Let's put what we've learned to the test. The program in Listing 3 creates a Frame from within a daemon thread. After the daemon thread is created, the main thread goes to sleep for five seconds and then ends. Once the main-method thread ends, there are no longer any user threads, so the Java runtime shuts down the application.

Don't Sell Your Soul
The moral of this story is that daemon threads should be used judiciously. They were designed to be used as servants to their user thread masters. When no more user threads exist, daemon threads lose their reason for living and the Java runtime steps in and mercifully ends their benign existence.

Because the life of a daemon thread can be a precarious one, you should be careful with the sort of tasks you assign to them. A somewhat contrived yet illustrative example of their perils is a daemon thread dedicated to opening a log file, appending to it, then closing the log file at a predetermined interval. When the Java runtime determines that all user threads have ended, it will quickly kill the daemon logging thread, possibly resulting in an inconsistent log file. To avoid this it's best to structure your code so that any work assigned to a daemon thread will be completed before all the user threads die. So don't give in to temptation - be careful using daemon threads...and behave yourself.

Author Bio
Tony LaPaso is a Java application specialist and a Sun-certified Java programmer working for Greenbrier & Russel, Inc. (www.gr.com), in Phoenix, Arizona. His particular area of interest is distributed application development using RMI, EJBs, servlets and JSPs. Tony holds a master's degree in computer science from Arizona State University.
Tony can be contacted at: [email protected]


Listing 1:

 1: import java.awt.*;
 2: import java.awt.event.*;
 4: public class Tester {
 5:    public static void     
       main(String[] args) {
 6:       Frame f = new Frame();
 8:       f.addWindowListener(new 
          WindowAdapter() {
 9:          public void windowClos-
             ing(WindowEvent evt) {
10:             System.exit(0);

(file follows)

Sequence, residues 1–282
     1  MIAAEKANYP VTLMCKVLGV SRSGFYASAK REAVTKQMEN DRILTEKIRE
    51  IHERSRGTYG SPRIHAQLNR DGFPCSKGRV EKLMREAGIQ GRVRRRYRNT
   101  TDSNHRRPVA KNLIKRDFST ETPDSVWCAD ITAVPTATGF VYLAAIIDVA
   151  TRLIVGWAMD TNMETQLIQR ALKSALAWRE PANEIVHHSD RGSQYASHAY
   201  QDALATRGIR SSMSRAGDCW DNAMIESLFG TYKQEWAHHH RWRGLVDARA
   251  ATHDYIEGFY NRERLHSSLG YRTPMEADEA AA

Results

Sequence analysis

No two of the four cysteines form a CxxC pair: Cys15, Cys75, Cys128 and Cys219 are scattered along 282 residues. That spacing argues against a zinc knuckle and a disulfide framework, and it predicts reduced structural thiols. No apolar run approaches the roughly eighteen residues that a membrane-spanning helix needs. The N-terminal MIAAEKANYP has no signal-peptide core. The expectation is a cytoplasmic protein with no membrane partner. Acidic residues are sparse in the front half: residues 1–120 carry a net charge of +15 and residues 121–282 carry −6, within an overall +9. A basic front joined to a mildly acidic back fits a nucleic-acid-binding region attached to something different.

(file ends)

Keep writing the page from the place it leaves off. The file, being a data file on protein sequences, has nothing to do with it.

11:          }
12:       });
14:       f.setBounds(30, 30, 400, 
15:       f.setVisible(true);
16:    }
17: }

Listing 2:

 1: public class Tester {
 2:    public static void  
       main(String[] args) {
 3:       Thread t1 = new Thread() {
 4:          public void run() {
 5:             // Fire off a new                  
 6:             Thread t2 = new 
                Thread() {
 7:                public void run()  
 8:                   while(true)
 9: System.out.println("Pleased to 
    meet you.");
10:                }
11:             }; // end of t2
13:             t2.start();
14:          }
15:       }; // end of t1
18:       // t1.setDaemon(true);
19:       t1.start();
21:       for(int i = 0; i < 50; 
22: System.out.println("Hope you 
    guess my name.");
24:       System.out.println("Main 
          thread is about to end.");
25:    } // main()
26: } // Tester

Listing 3:

 1: import java.awt.*;
 3: public class Tester {
 4:    public static void 
       main(String[] args) {
 5:       Thread t1 = new Thread() {
 6:          public void run() {
 7:             Frame f = new 
 8:             f.setBounds(30, 30, 
                400, 400);
 9:             f.setVisible(true);
10:          }
11:       }; // end of t1
13:       t1.setDaemon(true);
14:       t1.start();
16:       try { Thread.sleep(5000); 
17:       catch(InterruptedException 
          e) {}
18:    } // main()
19: } // Tester